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I'm trying to create a Makefile which compiles a specific program.

I have 1x .cpp file and 2x .h files.

So I would go

g++ source.cpp header1.h header2.h -o programOut

The thing is i'm getting an error.

Mainly in the second header file where Appointments is a class defined in the first header file. The second header file mainly contains (function prototypes?) I just got the other functions that I used, removed the implementation and placed it in there.

error: ‘Appointments’ does not name a type
error: ISO C++ forbids declaration of ‘left’ with no type
error: ‘Appointments’ does not name a type
error: ISO C++ forbids declaration of ‘right’ with no type
error: ‘string’ does not name a type
error: ‘time_t’ does not name a type

It compiles fine if I go g++ source.cpp -o programOut however when I added the .h files when i type g++, it gives me the error shown above. Any ideas why?

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3 Answers 3

Typically, you should not include header files in your list of files to compile. Rather, your source files (like source.cpp) will already #include the headers they need. If you actually have non-prototype code in your headers that you need compiled into their own .o files, you're doing it wrong.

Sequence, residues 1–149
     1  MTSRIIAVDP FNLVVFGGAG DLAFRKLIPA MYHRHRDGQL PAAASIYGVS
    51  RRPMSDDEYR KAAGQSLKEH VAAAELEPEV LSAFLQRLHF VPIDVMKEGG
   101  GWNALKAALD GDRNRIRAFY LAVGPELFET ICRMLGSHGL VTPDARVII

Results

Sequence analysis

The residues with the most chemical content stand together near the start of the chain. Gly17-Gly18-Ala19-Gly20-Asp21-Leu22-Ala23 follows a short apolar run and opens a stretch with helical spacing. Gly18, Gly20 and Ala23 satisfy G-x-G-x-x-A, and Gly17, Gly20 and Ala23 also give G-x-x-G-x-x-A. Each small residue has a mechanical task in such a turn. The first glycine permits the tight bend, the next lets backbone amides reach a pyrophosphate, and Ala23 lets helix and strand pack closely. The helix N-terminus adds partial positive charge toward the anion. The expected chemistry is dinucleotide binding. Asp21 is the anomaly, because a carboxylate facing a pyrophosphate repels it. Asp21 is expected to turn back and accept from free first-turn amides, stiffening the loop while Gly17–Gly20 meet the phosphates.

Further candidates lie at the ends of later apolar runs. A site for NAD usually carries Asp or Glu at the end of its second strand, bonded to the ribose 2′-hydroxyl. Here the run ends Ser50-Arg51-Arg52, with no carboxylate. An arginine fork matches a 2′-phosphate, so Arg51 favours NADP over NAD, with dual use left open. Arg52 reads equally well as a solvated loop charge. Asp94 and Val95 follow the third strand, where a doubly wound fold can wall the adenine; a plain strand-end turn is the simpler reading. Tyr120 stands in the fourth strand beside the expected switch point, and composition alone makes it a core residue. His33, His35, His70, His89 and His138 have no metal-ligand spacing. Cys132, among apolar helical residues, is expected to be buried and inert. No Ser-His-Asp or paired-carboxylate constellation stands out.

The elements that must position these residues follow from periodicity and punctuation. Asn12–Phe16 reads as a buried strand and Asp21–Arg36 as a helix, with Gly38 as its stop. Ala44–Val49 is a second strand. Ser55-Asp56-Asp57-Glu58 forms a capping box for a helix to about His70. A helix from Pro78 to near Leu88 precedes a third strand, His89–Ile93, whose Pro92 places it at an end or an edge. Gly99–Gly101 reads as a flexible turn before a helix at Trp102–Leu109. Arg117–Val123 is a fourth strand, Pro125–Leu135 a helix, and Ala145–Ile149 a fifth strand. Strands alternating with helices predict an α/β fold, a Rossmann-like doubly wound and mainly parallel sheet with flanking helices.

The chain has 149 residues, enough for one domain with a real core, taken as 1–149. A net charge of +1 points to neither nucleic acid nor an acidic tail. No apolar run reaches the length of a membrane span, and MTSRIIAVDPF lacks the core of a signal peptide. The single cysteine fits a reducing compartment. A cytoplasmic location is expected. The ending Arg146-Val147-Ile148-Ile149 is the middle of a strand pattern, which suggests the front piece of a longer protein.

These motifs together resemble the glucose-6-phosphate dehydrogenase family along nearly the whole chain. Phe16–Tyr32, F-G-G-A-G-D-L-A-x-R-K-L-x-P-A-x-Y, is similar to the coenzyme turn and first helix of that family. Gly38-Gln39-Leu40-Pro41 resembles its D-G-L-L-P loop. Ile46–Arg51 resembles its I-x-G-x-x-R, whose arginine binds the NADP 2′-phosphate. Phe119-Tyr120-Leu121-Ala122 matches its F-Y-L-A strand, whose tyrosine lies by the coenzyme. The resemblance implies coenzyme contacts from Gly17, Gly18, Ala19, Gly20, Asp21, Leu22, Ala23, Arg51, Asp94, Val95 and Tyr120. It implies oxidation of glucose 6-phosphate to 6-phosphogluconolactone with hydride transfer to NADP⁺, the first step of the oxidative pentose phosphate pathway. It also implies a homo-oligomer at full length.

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Oh right. So I'm not actually meant to have header files in the command? Weird... Our lecturer added them into his. I did #include my header files my source code compiles fine without typing the header files into the g++ command –  vincent Aug 21 '11 at 5:36
    
Correct. Your lecturer made a mistake, or at least is not doing what's conventional. –  Jacob Aug 21 '11 at 5:39

g++ expects the files passed on the command line to be compilation units. Header files are not compilation units, and as such should not be passed on the command line in the first place.

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g++ -Wall -Werror source.cpp

but you have to be in the same directory where the code is present.

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